“Public Property” means real property owned or under control of the City of Thunder Bay, Provincial Government, Federal Government or any of their respective agencies, boards or commissions including but not limited to Highways, all road allowances, Boulevards, Parks, open spaces and vacant public lands.
“Roadway” means that part of a Highway, a private road, a Lane, or a driveway that is designated or ordinarily used for vehicular traffic, but does not include the Shoulder. Where a Highway includes two or more separate Roadways, the term refers to any one Roadway separately and not all of the Roadways collectively.
z) “Sidewalk” means a portion of a Boulevard which is improved with concrete or pavement to accommodate pedestrian travel. The term expressly excludes any such walkway that is considered to be part of the Corporation’s recreational trail system and signed as such.
aa) “Sign” means any sign or other advertising device, surface or structure and any component or appurtenant parts, used or capable of being used as a visual medium to attract attention to a specific subject matter or to create a design or convey a message, and includes a banner, awning, canopy, marquee, menu board, poster or billboard.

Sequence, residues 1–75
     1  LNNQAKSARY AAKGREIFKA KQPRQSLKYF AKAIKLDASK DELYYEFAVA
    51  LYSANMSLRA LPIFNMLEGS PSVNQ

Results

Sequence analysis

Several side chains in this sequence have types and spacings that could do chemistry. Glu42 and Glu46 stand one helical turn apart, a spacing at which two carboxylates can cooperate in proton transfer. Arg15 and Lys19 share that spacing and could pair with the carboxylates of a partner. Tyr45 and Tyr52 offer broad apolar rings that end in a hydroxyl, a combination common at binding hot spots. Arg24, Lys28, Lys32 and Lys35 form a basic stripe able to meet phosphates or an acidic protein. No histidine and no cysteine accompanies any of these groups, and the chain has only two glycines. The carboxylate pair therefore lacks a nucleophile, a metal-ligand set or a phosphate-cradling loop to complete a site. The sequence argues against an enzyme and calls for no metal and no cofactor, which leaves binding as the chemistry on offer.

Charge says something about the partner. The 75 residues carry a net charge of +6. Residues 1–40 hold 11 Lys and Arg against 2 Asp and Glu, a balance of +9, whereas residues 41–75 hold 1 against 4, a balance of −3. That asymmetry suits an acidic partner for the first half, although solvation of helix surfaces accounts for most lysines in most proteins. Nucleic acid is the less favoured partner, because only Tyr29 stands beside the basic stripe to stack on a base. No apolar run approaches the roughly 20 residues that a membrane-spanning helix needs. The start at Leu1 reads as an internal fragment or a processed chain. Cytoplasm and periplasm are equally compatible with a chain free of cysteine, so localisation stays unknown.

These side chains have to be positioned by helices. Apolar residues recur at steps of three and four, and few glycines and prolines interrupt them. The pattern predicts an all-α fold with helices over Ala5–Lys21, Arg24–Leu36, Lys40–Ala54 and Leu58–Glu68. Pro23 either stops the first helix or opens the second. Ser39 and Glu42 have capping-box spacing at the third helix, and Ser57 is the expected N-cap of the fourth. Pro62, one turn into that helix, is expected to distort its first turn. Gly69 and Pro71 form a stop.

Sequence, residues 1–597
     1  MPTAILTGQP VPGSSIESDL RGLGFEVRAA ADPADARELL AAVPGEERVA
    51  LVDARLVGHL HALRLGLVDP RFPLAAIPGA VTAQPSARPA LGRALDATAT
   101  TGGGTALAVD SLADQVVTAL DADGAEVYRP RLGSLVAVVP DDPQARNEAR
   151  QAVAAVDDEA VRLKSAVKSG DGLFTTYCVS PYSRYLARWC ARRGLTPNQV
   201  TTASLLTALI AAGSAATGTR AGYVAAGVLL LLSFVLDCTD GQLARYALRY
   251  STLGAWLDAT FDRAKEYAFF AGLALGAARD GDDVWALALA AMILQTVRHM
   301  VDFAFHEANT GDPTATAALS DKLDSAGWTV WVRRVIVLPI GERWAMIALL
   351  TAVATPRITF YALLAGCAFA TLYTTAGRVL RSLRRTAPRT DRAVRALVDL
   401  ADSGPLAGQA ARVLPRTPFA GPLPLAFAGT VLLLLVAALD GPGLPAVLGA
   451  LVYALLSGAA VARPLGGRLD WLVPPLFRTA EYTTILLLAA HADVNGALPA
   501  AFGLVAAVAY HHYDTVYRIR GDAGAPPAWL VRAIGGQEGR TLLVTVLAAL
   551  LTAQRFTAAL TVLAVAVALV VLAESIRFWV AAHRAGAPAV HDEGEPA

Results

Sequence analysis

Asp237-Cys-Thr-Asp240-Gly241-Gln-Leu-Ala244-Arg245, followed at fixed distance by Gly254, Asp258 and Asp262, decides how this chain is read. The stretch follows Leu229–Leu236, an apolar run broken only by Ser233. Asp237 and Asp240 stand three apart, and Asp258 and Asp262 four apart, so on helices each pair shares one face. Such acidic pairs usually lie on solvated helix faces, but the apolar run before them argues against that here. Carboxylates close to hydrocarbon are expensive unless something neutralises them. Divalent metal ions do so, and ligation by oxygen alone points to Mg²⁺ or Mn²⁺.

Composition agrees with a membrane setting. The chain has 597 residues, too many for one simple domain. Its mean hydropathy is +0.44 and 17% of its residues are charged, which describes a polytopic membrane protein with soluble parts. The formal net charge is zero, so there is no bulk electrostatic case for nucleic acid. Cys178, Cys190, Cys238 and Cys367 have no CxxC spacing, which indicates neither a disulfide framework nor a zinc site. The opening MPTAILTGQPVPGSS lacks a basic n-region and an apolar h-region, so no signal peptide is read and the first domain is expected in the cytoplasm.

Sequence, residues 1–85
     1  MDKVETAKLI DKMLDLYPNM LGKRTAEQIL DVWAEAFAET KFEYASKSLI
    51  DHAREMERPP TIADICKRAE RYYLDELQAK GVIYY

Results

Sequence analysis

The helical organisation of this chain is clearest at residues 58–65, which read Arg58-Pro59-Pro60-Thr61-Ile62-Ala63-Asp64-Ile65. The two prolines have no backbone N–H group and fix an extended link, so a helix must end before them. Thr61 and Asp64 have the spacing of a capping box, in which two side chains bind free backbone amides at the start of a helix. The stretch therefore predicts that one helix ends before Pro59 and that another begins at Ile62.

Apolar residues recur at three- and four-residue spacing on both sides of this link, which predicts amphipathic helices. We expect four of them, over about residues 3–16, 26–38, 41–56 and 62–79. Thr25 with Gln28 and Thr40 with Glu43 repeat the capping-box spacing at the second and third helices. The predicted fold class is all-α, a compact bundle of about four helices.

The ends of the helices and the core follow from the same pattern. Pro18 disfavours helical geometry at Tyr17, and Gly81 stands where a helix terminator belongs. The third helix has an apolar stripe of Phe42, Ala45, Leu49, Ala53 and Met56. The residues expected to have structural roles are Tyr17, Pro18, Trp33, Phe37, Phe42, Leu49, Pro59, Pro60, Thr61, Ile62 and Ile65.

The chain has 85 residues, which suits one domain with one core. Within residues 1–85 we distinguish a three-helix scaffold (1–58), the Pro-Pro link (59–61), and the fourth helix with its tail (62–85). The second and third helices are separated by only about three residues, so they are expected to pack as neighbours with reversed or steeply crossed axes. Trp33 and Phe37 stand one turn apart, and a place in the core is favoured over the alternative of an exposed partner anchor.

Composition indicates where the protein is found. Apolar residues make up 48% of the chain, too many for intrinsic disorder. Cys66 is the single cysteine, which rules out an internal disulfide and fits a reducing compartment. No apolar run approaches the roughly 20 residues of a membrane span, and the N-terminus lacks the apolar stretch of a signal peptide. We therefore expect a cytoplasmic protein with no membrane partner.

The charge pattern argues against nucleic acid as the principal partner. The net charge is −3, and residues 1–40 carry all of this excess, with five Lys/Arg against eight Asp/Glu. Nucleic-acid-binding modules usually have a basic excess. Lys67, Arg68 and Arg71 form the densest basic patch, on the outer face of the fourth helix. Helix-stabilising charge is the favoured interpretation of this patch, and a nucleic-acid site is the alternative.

bb) “Sign By-law” mean the City of Thunder Bay Sign By-law 135-1992, as amended, or any successor by-law.
cc) “Sign Height” means the vertical height of a Sign from the finished grade to the highest part of the Sign. dd) “Third Party” means an individual, corporation or trade union that is registered as a third party under any legislation in force that regulates third party advertisers.